Yuan Wang tracking ship
The Yuanwang-1 and Yuanwang-2 ships were China's first-generation space tracking vessels, which first entered service in late 1970s, making China the fourth country to master space tracking technology after the United States, Russiaand France. An ocean going instrumentation ship is a special ship built for the development of intercontinental guided missile, submarine to shore missile and astronautical technology. The Chinese ocean going fleet of survey ships has successively completed intercontinental ballistic missile full range flight test, submarine to shore guided missile underwater launch test, communications satellite launch test and southpole visit, making a great contribution to China's science and technology development as well as weapons and equipment development and test.
The four Yuan Wang tracking ships go to "three major oceans" to support piloted missions. They are assigned to the western Pacific Ocean, southern Pacific Ocean, Indian Ocean west of Australia, and southern Atlantic Ocean to track and control the Shenzhou spacecraft. That was a pattern similar to Russian deployment before piloted flights. Ever since the first launching in November 1999 this has meant Yuan Wang 1 and 2 going into the Pacific, 4 being based in the Indian Ocean with a call at Fremantle in Australia, and Yuan Wang 3 coming to Durban from where she heads around the Cape for the Atlantic coast.
During the 1999 launch of Shenzhou I Yuan Wang 3, which was on station off the Namibia coast, sent the signal to fire the retro rockets and bring the returning capsule safely out of orbit to a landing northwest of Wuhai in Inner Mongolia, after 14 orbits lasting 21 hours.
Yuanwang means "Long View." The Chinese refer to the fleet as "maritime aerospace survey vessels" carrying "transoceanic aerospace observation and control technology." Each ship has an impressive array of dishes and scanners.
These ships were built under the "718 Project." These are the oceangoing aerospace synthetical measuring ships. Type Yuan Wang for observing and measuring the trajectory of long range missile and satellite, the oceangoing salvage ship "J121", and oceangoing exploration ship "Xiang Yang Hong 10". Xu Xueyan, was appointed the chief designer in the 1970s, and was awarded the national special class scientific and Technological Advancement Prize (twice) for the design of Yuan Wang and Xiang Yang Hong 10 in 1985 and national First class Scientific and Technological Advancement Prize in 1985.
In 1965, Premier Chou Enlai proposed the grand concept of China developing its own oceangoing aerospace measuring ships. In 1968, Chairman Mao Zedong personally approved the plan to develop oceangoing aerospace measuring ships. After passing through the storms of the cultural revolution, the Yuanwang 1 and Yuanwang 2 measuring ships were finally put into the water on 31 August 1977 and 01 September 1978, respectively. This marked the end of the period in which China was unable to measure launch vehicle and satellite orbits from outside its national territory.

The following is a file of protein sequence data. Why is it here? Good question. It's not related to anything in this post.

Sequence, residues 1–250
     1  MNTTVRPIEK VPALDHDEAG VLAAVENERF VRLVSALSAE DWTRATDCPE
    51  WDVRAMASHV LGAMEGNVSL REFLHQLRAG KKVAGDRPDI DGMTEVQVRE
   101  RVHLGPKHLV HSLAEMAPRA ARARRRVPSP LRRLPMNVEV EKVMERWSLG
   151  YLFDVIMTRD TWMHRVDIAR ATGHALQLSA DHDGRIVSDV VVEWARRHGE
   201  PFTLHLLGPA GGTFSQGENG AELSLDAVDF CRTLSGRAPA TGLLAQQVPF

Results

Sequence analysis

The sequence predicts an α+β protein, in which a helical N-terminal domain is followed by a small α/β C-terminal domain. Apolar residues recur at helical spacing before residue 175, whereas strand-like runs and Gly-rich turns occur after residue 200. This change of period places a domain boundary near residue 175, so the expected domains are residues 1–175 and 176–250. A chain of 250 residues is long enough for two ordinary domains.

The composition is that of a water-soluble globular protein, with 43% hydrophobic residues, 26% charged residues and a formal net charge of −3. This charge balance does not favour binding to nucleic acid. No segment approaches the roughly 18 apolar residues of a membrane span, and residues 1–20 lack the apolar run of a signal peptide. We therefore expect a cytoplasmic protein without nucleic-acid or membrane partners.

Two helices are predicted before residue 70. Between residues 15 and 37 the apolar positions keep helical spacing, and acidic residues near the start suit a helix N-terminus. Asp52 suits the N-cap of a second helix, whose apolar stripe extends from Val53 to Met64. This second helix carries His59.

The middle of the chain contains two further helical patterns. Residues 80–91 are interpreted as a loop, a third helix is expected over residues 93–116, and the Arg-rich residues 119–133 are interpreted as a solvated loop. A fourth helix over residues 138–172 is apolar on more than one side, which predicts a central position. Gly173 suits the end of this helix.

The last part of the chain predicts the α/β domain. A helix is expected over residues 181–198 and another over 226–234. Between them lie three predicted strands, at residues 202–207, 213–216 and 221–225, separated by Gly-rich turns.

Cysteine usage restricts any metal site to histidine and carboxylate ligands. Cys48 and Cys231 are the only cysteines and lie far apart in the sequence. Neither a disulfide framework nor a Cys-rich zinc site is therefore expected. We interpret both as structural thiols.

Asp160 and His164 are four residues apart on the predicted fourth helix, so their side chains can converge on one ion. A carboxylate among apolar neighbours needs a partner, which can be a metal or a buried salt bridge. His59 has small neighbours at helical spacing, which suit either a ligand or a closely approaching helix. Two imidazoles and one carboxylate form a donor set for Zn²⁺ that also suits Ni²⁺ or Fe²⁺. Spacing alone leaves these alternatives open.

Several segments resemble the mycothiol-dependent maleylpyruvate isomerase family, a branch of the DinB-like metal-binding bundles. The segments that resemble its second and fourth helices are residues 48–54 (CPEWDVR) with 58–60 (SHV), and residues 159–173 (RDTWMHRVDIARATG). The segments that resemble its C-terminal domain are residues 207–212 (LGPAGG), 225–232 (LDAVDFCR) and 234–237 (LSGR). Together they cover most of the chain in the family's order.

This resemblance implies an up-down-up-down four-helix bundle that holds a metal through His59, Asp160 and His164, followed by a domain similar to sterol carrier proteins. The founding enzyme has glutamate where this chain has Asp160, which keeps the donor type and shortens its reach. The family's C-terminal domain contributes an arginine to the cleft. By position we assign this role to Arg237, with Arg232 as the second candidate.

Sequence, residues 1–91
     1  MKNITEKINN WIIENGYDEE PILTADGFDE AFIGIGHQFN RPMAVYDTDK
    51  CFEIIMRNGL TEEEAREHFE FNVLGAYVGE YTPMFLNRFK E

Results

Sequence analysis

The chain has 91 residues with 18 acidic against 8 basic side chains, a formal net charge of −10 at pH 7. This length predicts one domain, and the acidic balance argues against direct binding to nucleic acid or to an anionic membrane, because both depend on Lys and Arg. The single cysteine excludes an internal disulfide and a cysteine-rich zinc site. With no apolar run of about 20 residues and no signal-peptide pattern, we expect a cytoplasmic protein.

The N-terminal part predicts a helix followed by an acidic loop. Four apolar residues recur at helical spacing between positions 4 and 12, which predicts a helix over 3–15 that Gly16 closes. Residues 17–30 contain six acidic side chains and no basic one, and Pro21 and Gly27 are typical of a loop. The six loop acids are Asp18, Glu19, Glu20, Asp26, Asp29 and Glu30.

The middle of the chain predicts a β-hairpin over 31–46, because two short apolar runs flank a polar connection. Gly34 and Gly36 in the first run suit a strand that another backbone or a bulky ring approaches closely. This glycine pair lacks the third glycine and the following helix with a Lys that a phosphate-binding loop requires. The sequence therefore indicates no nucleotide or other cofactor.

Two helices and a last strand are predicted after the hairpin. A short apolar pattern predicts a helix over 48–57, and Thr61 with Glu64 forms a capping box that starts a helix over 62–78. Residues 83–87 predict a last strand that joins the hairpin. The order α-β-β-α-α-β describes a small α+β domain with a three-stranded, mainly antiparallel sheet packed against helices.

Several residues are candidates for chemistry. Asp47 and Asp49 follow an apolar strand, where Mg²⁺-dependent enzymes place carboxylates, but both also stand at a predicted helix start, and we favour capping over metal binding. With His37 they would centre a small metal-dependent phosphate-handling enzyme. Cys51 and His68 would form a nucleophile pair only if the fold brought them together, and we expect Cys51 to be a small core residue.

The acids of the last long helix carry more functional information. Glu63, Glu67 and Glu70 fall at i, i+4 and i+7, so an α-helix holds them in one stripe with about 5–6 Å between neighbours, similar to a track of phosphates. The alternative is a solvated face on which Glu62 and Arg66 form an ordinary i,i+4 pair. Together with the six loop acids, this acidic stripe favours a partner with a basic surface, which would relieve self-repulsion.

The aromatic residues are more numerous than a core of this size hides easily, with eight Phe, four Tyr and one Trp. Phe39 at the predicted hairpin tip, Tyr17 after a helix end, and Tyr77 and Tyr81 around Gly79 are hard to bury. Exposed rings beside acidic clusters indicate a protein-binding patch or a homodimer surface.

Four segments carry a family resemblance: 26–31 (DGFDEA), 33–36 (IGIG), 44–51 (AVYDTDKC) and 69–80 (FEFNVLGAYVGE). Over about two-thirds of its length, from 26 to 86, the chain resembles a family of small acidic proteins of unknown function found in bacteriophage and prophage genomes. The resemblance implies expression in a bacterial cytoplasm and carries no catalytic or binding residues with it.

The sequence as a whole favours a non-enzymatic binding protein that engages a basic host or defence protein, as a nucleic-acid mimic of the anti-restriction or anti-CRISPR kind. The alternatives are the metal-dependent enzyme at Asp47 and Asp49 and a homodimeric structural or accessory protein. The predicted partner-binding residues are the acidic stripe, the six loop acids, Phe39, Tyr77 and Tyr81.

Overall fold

Yuanwang 1 and Yuanwang 2 carried out measuring assignments for the first time in May of 1980, with complete success. Subsequently, the two ships successfully completed measuring assignments relating to China's own independently designed and developed test communications satellite and the third stage of its launch vehicle. In order to adapt to the needs of international commercial launches, Yuanwang 1 and Yuanwang 2 both underwent technical reconstructions in 1986.
On 18 July 1999 a new space tracking ship, Yuan Wang 4, was delivered to the user, China Satellite Launch and Tracking Control General, by China State Shipbuilding Corporation (CSSC). This is the 4th tracking ship in China's Yuan Wang space tracking fleet. The Yuan Wang 4 tracking ship was converted from the scientific survey ship "Xiang Yang Hong 10" that was launched years earlier.
On 15 December 2003 "Yuanwang" No.2 survey ship docked at the port for space survey ships. Thus all four "Yuanwang" survey ships had returned home after they successfully completed their survey and control mission over Shenzhou V manned spaceship. Since 08 September 2003 this year, "Yuanwang" survey ships have been sent to the designated sea areas in the Pacific Ocean, Atlantic Ocean and Indian Ocean to carry out survey and control missions for Shenzhou V, China's first manned spaceship.
The four "Yuanwang" survey ships successfully sailed across the Taiwan Strait, Malacca Strait and Cape of Good Hope, covering about 60,000 nautical miles. During this period, crewmembers as well as scientific personnel on the ships overcame various difficulties and successfully completed the survey, remote measurement, remote control, earth-sky data and picture transmission and voice communication for Shenzhou V spaceship during the phases of operation, reentry and orbiting of Shenzhou V. The ships accurately sent 212 remote orders to the spaceship, which was an important contribution to the success of China's first manned space flight.
After going through five times of practical test of the space flight, the survey and control capabilities, the accuracy of survey and control, automation level and reliability of these survey ships have been remarkably improved and the overall survey and control technologies on the sea have been on a par with the world advanced level.
Since its establishment, the "Yuanwang" survey fleet sailed to the three major oceans for 44 times, covering a distance of over 800,000 nautical miles. So far the fleet has carried out more than 50 survey and control missions for space flight with a success rate of 100%.
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